“I feel I am now working in a style of my own which has developed over many years,” he smiles. “I am now happy to allow very little to happen for a long time – gaps to appear and be investigated, jarring clashes to perhaps eventually resolve. I’ve listened to the disc many times now and have again been captured by the beauty of the bass clarinet, lovely thick string chords, etc.”
He calls “Strangely, I Dreamt” a personal favorite. “I first thought I’d completed it when it was in the form of a string orchestra piece but then thought the album needed a ‘cherry’ on top – or a gem hidden inside,” he says. “Cecily’s voice is extraordinarily beautiful so that was the obvious choice. I wanted this ‘event’ to be short and unexpected, to come and go but be remembered – and I think Cecily and I have achieved that.”
“‘Mind the Gap’ [also] always gets me,” he says, adding to the favorites list. “‘Tidescape’ is special, as is the solo piano piece ‘That Which Is Hidden.’ I’d better stop now or I’ll end up just naming all the tracks! As you can probably tell, I’m very happy with the result. Oh, and ‘Where Does This Lead Us?’ is a belter!”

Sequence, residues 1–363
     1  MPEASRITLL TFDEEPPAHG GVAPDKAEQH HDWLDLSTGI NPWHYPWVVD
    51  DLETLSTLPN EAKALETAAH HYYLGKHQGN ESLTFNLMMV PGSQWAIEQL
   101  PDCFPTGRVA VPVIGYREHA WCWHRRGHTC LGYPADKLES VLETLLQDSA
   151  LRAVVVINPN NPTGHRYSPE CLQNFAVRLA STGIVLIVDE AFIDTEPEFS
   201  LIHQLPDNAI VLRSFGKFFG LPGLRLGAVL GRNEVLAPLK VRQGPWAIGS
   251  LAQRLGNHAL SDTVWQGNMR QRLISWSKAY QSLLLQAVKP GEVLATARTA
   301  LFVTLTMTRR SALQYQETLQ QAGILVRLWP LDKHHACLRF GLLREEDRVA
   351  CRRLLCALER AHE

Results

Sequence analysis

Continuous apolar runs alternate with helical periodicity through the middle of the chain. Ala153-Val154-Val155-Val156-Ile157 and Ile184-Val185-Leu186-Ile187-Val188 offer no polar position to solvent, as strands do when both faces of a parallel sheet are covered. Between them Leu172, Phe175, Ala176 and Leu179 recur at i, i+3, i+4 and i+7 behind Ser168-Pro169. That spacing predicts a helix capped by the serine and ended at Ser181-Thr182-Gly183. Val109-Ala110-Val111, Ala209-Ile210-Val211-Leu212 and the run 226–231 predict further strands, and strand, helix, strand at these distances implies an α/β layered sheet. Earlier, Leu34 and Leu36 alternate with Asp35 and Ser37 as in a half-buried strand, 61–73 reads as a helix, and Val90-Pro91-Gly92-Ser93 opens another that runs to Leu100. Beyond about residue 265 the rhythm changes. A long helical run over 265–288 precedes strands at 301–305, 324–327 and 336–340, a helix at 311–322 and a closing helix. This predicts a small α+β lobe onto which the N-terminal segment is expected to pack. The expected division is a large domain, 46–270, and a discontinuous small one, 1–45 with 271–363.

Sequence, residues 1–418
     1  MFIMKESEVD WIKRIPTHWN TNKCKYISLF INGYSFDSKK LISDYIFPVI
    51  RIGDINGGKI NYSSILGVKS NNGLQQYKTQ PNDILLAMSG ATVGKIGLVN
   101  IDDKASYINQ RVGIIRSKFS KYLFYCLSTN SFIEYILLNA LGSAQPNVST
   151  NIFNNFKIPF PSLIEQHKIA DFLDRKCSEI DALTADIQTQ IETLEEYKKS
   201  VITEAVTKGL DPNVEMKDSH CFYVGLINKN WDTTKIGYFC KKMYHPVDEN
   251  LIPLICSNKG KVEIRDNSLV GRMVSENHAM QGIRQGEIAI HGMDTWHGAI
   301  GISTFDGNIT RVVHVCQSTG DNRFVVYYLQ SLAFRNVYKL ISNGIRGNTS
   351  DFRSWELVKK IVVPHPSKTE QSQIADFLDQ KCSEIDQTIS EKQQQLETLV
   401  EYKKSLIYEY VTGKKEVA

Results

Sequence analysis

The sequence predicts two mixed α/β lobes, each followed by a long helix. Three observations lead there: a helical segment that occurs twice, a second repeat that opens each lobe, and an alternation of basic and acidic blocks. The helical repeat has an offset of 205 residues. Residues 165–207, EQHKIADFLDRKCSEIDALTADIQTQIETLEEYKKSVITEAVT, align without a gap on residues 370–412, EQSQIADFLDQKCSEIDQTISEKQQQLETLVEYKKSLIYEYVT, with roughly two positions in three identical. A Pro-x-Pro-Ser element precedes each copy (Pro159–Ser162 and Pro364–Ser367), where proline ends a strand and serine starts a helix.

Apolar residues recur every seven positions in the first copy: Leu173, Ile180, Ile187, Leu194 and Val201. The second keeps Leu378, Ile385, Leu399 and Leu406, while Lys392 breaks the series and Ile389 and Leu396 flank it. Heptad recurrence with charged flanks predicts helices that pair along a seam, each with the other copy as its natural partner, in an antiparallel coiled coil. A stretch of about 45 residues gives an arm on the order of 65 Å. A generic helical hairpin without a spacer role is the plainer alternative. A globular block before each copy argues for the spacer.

Wherever you find favor in this excellent musical journey, the skies, they shift like chords is ready to be a compassionate companion for life’s cool, contemplative days and long, intimate nights. Experience the full record via our below stream, and peek inside Roger Eno’s the skies, they shift like chords with Atwood Magazine as he takes us track-by-track through the music and lyrics of his latest release!